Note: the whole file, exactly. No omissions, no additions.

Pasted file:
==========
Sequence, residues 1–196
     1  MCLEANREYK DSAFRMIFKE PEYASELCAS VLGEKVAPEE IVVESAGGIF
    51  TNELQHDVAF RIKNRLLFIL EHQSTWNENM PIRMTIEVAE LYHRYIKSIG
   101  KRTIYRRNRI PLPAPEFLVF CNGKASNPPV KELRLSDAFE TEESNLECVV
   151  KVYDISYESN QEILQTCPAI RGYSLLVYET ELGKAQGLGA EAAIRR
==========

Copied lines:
Sequence, residues 1–196
     1  MCLEANREYK DSAFRMIFKE PEYASELCAS VLGEKVAPEE IVVESAGGIF
    51  TNELQHDVAF RIKNRLLFIL EHQSTWNENM PIRMTIEVAE LYHRYIKSIG
   101  KRTIYRRNRI PLPAPEFLVF CNGKASNPPV KELRLSDAFE TEESNLECVV
   151  KVYDISYESN QEILQTCPAI RGYSLLVYET ELGKAQGLGA EAAIRR